O.J. Simpson doing well, tabloid report of ‘stroke-like symptoms’ in Nevada prison untrue, spokesman says

O.J. Simpson is alive, well and a model inmate.

That was the response from the Nevada Department of Corrections after the National Enquirer reported on its website that the former football star turned inmate had suffered “stroke-like symptoms” while in prison.

“He’s fine,” corrections spokesman Steve Suwe said Tuesday. “There is no truth to that article”

In fact, Suwe said, he’s a model inmate. Simpson has had no recent medical incidents and works a job in the gym, where typical duties include sweeping floors, mopping and picking up equipment.

“He’s a model inmate. He has a job. He goes to work. He does his job and stays out of trouble,” Suwe said, “like we hope everyone does while in here.”

Simpson’s prison sentence began in December 2008. It followed a conviction for his part leading a group of armed men into a memorabilia dealer's guest room at the Palace Station Hotel and Casino in Las Vegas on Sept. 13, 2007.

Once inside, prosecutors said, Simpson ordered that no one leave the room while his men took dozens of items. Simpson said the items were stolen from him, and he wanted them back.

It was a stark contrast to the way Americans had once pictured him, the successful National Football League running back who made people laugh in the Naked Gun movies and pitched to them in commercials.

Then came the 1994 killing of his ex-wife and her friend in the Los Angeles area, charges that Simpson was involved in their deaths and the infamous white Bronco chase.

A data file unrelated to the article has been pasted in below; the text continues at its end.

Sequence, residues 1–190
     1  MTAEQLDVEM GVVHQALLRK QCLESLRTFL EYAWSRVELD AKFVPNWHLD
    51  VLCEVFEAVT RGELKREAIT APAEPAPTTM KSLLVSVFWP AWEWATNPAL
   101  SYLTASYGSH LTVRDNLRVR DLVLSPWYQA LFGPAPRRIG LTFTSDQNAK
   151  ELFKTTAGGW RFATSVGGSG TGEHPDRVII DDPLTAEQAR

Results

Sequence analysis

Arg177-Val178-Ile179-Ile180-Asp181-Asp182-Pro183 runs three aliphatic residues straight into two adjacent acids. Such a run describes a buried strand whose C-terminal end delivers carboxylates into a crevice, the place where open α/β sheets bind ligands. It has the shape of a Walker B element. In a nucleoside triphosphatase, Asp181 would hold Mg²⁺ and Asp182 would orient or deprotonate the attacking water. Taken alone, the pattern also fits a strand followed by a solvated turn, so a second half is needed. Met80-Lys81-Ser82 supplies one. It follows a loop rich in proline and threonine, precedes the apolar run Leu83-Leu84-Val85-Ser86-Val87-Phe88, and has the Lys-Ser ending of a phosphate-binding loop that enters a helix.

Simpson was found not guilty in the case, although a civil court later ordered him to pay $33.5 million to the relatives of Nicole Brown Simpson and Ronald Goldman.

After the murder trial, Simpson moved to Miami-Dade County, living in Kendall until the Las Vegas arrest.

On Monday, the Enquirer reported that Simpson was chatting with fellow inmates at the Lovelock Correctional Center’s recreation area when his speech became slurred. He then slumped over and fell off his chair, complaining of double vision and weakness in his arms, the tabloid said.

Totally untrue, Suwe said.

But the tabloid might have been on to something when it claimed Simpson was “the star of the prison.” At the very least, according to Suwe, he’s setting a good example.

The earliest he could be released, Suwe said, is late 2017.

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